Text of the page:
|Conservation status||Declined seriously in California portion of range during 20th century. Still abundant in southern Arizona.|
|Habitat||Desert washes, saguaros, river groves, cottonwoods, towns. Generally in dry country, but requires suitable sites for nesting cavities: cottonwood groves along rivers, large mesquites or willows, palms, giant cactus such as saguaro or cardon. Readily adapts to suburbs of southwestern cities. Also dry tropical forest in Mexico.|
Forages on tree trunks and cacti, in outer branches of trees or shrubs, or on ground. When seeking insects on tree trunks, generally probes or gleans at surface, rarely excavating for food. Often drinks sugar-water from hummingbird feeders.
3-4, up to 6. White. Incubation is by both sexes, about 14 days. Young: Both parents feed young. Age at which young leave nest not well known, probably about 4 weeks; accompany parents for some time thereafter. 2-3 broods per year.
Both parents feed young. Age at which young leave nest not well known, probably about 4 weeks; accompany parents for some time thereafter. 2-3 broods per year.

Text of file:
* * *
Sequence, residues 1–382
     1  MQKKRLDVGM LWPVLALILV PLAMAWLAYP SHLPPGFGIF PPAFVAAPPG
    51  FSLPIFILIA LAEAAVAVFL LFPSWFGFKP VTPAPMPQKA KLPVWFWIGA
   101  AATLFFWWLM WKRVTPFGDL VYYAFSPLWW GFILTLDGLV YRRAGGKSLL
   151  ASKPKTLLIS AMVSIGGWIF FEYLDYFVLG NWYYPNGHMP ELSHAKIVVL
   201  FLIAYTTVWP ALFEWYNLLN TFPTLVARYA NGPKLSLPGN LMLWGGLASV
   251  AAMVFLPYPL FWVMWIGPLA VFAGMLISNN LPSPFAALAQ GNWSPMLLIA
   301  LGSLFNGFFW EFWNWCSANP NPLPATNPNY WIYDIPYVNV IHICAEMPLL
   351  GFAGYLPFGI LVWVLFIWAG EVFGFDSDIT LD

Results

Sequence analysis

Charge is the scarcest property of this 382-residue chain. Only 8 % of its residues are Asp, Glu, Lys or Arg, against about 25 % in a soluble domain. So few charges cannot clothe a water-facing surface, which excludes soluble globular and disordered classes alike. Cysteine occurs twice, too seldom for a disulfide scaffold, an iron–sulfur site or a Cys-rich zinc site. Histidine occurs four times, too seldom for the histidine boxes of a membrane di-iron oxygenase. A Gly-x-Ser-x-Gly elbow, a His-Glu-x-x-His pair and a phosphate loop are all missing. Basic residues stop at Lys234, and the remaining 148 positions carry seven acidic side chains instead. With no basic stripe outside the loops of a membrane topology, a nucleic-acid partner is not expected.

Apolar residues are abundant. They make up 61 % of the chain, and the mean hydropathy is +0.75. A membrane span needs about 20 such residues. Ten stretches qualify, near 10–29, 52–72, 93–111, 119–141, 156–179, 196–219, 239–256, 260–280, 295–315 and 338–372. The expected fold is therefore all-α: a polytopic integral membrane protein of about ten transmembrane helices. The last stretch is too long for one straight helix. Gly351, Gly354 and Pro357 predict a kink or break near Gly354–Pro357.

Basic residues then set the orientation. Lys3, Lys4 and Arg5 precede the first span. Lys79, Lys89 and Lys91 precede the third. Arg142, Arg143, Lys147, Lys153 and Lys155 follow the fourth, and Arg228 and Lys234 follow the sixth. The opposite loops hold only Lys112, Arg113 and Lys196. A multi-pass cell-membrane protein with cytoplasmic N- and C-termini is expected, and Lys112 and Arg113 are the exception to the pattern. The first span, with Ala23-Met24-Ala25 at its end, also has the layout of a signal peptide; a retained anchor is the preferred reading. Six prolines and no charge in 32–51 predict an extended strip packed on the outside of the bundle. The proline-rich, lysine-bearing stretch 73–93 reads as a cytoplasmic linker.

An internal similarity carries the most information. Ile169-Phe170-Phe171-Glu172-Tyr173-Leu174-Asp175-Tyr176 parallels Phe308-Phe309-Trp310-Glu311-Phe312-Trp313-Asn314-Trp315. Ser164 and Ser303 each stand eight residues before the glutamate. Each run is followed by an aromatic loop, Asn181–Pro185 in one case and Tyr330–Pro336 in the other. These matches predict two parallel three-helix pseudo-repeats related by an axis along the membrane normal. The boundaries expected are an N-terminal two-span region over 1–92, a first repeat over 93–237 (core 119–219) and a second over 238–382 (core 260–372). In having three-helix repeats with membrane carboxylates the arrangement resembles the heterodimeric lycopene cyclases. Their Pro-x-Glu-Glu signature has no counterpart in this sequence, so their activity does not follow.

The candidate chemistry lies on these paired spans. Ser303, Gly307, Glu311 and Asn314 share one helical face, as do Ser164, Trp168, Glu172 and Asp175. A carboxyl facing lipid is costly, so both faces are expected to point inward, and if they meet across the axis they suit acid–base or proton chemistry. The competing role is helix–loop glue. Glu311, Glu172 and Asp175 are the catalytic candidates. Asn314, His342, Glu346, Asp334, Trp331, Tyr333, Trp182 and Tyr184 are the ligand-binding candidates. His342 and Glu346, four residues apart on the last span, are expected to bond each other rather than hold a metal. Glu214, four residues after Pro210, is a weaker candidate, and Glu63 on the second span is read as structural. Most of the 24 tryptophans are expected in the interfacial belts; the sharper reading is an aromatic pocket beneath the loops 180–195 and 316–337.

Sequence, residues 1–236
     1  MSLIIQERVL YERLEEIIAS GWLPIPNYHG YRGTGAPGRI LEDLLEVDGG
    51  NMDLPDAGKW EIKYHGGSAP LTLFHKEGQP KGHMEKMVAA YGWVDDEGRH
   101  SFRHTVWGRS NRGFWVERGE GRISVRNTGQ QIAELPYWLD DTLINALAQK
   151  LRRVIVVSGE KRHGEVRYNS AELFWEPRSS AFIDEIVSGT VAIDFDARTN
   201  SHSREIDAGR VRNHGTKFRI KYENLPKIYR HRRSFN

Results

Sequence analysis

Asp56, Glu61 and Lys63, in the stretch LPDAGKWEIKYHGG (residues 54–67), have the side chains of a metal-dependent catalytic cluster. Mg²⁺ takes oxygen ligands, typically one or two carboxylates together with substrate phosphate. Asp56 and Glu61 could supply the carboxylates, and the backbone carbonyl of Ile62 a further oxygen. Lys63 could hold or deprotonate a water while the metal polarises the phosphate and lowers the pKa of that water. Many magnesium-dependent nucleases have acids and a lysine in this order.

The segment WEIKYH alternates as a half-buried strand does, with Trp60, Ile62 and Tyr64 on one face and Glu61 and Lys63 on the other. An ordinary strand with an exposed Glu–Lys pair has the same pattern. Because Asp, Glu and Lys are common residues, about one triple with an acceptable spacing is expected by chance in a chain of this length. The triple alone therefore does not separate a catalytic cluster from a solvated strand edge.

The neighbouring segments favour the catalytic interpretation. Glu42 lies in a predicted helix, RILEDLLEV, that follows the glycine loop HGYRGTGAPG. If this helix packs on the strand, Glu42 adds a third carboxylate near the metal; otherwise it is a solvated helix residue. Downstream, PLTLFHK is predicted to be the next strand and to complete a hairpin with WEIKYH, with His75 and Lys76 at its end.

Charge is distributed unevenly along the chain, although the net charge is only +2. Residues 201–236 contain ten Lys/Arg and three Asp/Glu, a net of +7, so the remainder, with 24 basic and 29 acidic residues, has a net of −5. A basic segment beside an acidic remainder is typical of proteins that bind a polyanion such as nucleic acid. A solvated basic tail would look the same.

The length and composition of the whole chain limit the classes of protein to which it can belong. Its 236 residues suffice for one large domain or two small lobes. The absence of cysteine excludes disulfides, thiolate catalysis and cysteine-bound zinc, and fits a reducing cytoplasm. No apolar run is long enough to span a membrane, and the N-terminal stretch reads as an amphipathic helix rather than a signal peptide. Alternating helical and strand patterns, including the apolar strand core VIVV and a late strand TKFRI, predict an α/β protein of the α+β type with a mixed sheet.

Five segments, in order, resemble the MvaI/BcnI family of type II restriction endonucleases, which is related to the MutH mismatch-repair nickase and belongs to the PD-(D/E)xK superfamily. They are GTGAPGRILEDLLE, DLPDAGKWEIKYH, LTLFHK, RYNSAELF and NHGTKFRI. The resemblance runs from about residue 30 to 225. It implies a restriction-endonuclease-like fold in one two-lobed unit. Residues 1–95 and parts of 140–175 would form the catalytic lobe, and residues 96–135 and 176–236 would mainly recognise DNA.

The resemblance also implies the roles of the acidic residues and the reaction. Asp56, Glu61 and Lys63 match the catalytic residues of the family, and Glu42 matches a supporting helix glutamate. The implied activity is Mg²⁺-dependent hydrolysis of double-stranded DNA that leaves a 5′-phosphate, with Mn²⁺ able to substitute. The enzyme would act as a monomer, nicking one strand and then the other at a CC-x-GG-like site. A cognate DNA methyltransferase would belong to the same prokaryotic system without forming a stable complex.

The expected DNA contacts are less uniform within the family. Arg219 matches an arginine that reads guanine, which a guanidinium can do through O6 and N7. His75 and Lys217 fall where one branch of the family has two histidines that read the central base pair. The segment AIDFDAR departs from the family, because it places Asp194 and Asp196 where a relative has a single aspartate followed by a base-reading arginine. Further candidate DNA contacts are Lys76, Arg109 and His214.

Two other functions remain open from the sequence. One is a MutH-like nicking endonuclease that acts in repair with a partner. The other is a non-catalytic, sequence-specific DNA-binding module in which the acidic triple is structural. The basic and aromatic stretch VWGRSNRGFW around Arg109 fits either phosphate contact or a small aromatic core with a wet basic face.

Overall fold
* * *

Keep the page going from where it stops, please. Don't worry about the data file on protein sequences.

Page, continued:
Omnivorous. Diet includes wide variety of insects, also cactus fruit, other wild and cultivated fruit, berries of shrubs and mistletoe, nectar from flowers, seeds, small lizards, earthworms, eggs and sometimes young of smaller birds.
Displays, used largely in aggression, include exaggerated bowing and head-swinging, accompanied by loud calls. Nest site is a cavity excavated in giant cactus or in tree (cottonwood, willow, or large mesquite), sometimes in palm trunk. Cavity usually 8-30' above ground. Both sexes take part in excavating. Cavity in giant cactus cannot be used for several months, as inner pulp of cactus must dry to solid casing around cavity; holes may be excavated one year, used the next.
Illustration © David Allen Sibley.
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Text © Kenn Kaufman, adapted from
Lives of North American Birds
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Mostly permanent resident, but some move short distances north or uphill in winter. Also makes local movements, concentrating at sources of food when not nesting.
- All Seasons - Common
- All Seasons - Uncommon
- Breeding - Common
- Breeding - Uncommon
- Winter - Common
- Winter - Uncommon
- Migration - Common
- Migration - Uncommon
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Songs and CallsA rolling churrr.
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How Climate Change Will Reshape the Range of the Gila Woodpecker
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Climate threats facing the Gila Woodpecker
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